The bishop, in contrast, can and undoubtedly will argue that requiring a wedding to be performed in church (no matter how ugly people may think that church is!) is fully in keeping with the fundamental spiritual nature of the occasion. A wedding ceremony entails the conferral and reception of a sacrament. It thus involves far more than mere sentiment, beautiful flowers, and romantic wedding photos taken under a rose trellis. It is important to maintain the sense of the sacred, because that is exactly what a marriage ceremony is-a sacred, sacramental occasion. A bishop who is concerned that the faithful of his diocese keep in mind the central spiritual components of a wedding (as opposed to its cosmetic outward appearances), will quite naturally object to the notion that a Catholic marriage be celebrated elsewhere than in a Catholic church. As a canonist from a major U.S. archdiocese told me bluntly, permission for a Catholic wedding outside of a Catholic church in his archdiocese is “NEVER granted… don’t bother to ask.”
If the very notion of holding a Catholic wedding outside of church is so objectionable for theological reasons, why does the law even permit the possibility? Keep in mind that the Code of Canon Law is applicable all over the globe, and there may be political or other unique circumstances elsewhere in which holding a wedding in a Catholic church is either impossible or inadvisable. After all, what if two Catholic Haitians have been planning to marry this summer in their parish church, which is now a pile of rubble?
Interestingly, there are a few known cases here in the U.S. where bishops really have granted permission for Catholics to marry in a place other than a church, in the presence of a Catholic priest. All of them, however, have involved at least one spouse who was a celebrity. Actors, rock stars, politicians and well-known business executives who get married have to contend with the need for privacy. We all know that tabloid journalists will go to great lengths to “crash” a movie star’s wedding, snap a photo of the bride’s dress and get a good look at the invited guests, to see whether there are any more famous faces present. This is naturally a scenario that the spouses want to avoid at all costs, no matter what faith they profess! If at least one of the spouses is Catholic, and they sincerely want to marry in a Catholic ceremony, they may ask the bishop for permission for the wedding to take place in a more private location. Their guards can presumably secure a private residence, or perhaps one wing of a hotel, more reasonably and safely than they could a Catholic parish, which by its nature is generally open to all who wish to enter it. In these highly unusual cases, approval has been given for a Catholic priest to conduct a Catholic wedding ceremony in a building other than a Catholic church. We may assume, however, that efforts are made by the clergy to ensure as much as possible that the sacredness of the occasion, and the spiritual importance of the spouses’ exchange of vows, are kept in the forefront.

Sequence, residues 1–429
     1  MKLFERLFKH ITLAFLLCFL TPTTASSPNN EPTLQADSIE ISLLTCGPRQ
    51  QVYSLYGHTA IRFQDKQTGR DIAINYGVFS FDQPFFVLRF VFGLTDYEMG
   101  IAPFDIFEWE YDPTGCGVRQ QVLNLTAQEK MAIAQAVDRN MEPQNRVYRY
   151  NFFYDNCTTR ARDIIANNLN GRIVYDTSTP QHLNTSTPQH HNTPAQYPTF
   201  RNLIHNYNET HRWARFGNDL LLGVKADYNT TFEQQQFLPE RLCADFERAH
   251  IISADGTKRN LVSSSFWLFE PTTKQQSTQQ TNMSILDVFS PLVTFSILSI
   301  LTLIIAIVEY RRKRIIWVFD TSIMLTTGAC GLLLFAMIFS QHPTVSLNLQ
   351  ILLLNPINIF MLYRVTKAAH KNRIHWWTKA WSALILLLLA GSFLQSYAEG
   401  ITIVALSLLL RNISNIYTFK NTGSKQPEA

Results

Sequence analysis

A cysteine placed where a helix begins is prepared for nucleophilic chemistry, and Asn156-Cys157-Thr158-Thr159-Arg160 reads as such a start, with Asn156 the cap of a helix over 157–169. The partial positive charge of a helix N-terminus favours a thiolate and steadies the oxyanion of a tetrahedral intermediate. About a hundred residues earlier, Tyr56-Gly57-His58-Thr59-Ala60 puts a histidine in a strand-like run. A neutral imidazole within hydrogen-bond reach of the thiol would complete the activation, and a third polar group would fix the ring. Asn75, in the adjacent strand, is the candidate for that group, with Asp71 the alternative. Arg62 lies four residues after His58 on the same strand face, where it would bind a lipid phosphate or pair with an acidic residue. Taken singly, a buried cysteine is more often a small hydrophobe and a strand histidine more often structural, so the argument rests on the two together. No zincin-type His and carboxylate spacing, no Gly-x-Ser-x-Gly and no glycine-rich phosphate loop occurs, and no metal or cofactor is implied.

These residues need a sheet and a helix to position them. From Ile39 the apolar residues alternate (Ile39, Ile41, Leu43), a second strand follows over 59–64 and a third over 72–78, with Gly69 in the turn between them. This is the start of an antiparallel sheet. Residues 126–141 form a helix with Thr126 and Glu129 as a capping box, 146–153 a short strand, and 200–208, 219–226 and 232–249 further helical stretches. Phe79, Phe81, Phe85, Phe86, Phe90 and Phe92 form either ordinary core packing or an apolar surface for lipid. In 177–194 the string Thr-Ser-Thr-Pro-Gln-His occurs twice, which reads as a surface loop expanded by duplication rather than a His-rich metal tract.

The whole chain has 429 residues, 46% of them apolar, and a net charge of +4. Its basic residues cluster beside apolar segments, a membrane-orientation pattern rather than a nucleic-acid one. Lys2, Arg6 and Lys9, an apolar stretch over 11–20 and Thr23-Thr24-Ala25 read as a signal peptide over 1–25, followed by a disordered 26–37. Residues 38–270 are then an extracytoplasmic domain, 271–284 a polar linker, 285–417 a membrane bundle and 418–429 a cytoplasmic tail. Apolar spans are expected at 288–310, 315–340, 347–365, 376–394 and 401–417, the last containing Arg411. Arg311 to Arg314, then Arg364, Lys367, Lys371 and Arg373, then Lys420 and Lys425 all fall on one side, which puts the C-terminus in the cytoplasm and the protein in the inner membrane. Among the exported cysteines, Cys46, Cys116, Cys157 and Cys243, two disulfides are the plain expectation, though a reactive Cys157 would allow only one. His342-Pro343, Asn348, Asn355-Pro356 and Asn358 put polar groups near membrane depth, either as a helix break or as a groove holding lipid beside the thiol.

If, in theory, Tim’s daughter was going to marry a Protestant, would the bishop be any more likely to allow them to marry in the garden? Well, it’s possible; but the far more common scenario would be to simply dispense the pair from canonical form altogether. This would allow the couple to marry in a Protestant ceremony, before the minister of the non-Catholic spouse. That way, if the Protestant minister were permitted by the rules of his own faith to marry the couple in the garden, the wedding could indeed take place there. At the same time, however, the bishop might very well question the couple and particularly the Catholic party more closely, as to the real reason for wanting a non-Catholic ceremony. Again, since it appears that the main desire is to have a lovely location for a wedding, the bishop might reasonably conclude that this is a rather frivolous reason! As we saw in the previous column mentioned above, normally there should be a more substantive rationale behind such a request.
In short, the prospects for Tim’s daughter getting married in their rose garden, in a Catholic ceremony, are rather slim! This may be a good time for a reality check: perhaps the bride and groom really are making an effort to focus on the spiritual dimension of their upcoming marriage… but it appears that they might be more concerned with the materialistic aspects of the wedding ceremony. A Catholic parish church may very well be architecturally ugly, but we Catholics know that unlike the loveliest garden, Christ is really present there in that church in the Eucharist. Surely the idea of marrying in the presence of God Himself, Who personally attended the wedding at Cana nearly 2000 years ago, easily outweighs other factors. Marriage is for life, and thus it is crucial that we Catholics do it right.